has been added.
  * SMP support has been added to the sparc port.
  * Improvements have been made to NetBSD's Linux emulation to support the 
    latest Sun JDK/JRE for Linux. Testing has shown that it now runs as well 
    as it does on Linux natively.
  * Kernel events notification framework - kqueue. kqueue(2) provides a 
    stateful and efficient event notification framework. Currently supported 
    events include socket, file, directory, fifo, pipe, tty and device changes,
    and monitoring of processes and signals. kqueue is supported by all 
    writable filesystems in the NetBSD tree (with the exception of Coda) and 
    all device drivers supporting poll(2).
  * NetBSD 2.0 enforces non-executable mappings on many platforms. This means 
    that the process stack and heap mappings are non-executable by default, 
    making exploitation of potential buffer overflows harder. NetBSD 2.0 
    supports PROT_EXEC permission via mmap(2) for all platforms where the 
    hardware differentiates execute access from data access, though not 
    necessarily with single-page granularity. When the hardware has a larger 
    granularity, the rule is that if any page in the larger unit is 
    executable, then the entire larger unit is executable, otherwise the 
    entire larger unit is not executable.
  * New generic i2c framework, supporting bit bang mode and intelligent 
  * sysctl(9) was switched from a static binding to a dynamic implementation.
  * A new driver, satalink(4), has been added, and SATA support from other 
    drivers has been moved into this along with the addition of support for 
    new controllers.
  * Innumerable fixes and enhancements have been made to our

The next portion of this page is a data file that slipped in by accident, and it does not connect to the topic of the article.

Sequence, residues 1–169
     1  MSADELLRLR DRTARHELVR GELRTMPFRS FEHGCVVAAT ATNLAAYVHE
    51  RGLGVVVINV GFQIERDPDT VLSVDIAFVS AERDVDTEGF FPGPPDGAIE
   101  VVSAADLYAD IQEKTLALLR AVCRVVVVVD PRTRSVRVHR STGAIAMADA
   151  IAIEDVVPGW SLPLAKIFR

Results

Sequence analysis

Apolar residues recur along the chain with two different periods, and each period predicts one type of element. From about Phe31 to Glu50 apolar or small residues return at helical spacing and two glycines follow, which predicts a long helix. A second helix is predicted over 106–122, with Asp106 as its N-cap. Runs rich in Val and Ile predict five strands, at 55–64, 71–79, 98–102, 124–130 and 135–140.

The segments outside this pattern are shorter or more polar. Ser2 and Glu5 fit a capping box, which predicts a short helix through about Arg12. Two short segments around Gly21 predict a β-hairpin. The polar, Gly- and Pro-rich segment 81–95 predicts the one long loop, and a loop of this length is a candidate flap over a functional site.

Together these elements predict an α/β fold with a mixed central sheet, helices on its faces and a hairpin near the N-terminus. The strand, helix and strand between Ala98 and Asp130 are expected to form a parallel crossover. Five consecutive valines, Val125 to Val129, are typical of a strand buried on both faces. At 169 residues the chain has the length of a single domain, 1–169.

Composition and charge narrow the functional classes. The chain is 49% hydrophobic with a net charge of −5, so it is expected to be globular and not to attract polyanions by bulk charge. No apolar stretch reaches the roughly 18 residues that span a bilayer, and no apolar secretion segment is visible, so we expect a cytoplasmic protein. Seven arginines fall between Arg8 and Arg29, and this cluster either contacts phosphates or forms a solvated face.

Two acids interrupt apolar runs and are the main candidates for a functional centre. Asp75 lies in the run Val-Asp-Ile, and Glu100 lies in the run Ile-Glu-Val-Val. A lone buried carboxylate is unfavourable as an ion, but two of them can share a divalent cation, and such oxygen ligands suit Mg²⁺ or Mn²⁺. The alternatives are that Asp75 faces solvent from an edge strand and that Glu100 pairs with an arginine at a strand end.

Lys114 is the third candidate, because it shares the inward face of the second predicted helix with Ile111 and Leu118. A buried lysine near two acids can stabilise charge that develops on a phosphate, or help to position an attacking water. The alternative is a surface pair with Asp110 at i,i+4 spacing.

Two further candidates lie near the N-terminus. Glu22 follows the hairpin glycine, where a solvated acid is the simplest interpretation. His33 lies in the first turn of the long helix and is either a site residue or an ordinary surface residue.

existing device drivers, and several new device drivers have
    been added.


  * ipf(8) has been upgraded to version 4.1.3.
  * tcp(4) now implements path MTU discovery blackhole detection (i.e., it 
    will turn off path MTU discovery if the connection is losing).
  * Socket buffer insertion is now O(C). This can provide a substantial 
    performance boost to some applications which use large socket buffers.
  * wi(4) has support for Host-AP mode, allowing Intersil Prism2/2.5/3-based 
    boards to be used to make an 802.11 Access Point.
  * Support for ipf(8) has been added to bridge(4) and brconfig(8).
  * Port allocation has been changed from linked list to a hash table for 
    better performance.

File system

  * FreeBSD's UFS2 has been ported to NetBSD. UFS2 is an extension to FFS, 
    adding 64 bit block pointers and support for extended file storage. Among 
    other enhancements, UFS2 allows for file systems larger than 1Terabyte.
  * The cryptographic disk driver (cgd(4)) can be used to encrypt disks or 
    partitions, using some strong encryption algorithms, like 
    AES (Rijndael) and Blowfish. cgd can also be configured to encrypt swap.


  * The systrace framework has been added to the system. systrace(4) monitors 
    and controls application access to the system by enforcing access 
    policies for system calls. The systrace(1) utility might be used to 
    trace an untrusted application's access to the system. In addition, it 
    can be used to protect the system from software bugs (such as buffer 
    overflows) by constraining a daemon's access to the system. The privilege 
    elevation feature of systrace can be used to obviate the need to run 
    large, untrusted programs as root when only one or two system calls 
    require the elevated privilege.
  * Verified Exec support has been added in this release. Verified Exec 
    verifies a cryptographic hash before allowing execution of binaries and 
    scripts. This can be used to prevent a system from running binaries or 
    scripts which have been illegally modified or installed. In addition, 
    Verified Exec can also be used to limit the use of script interpreters 
    to authorized scripts only and disallow interactive use.

System administration and user tools

  * The system is now fully dynamically linked (including /bin and /sbin).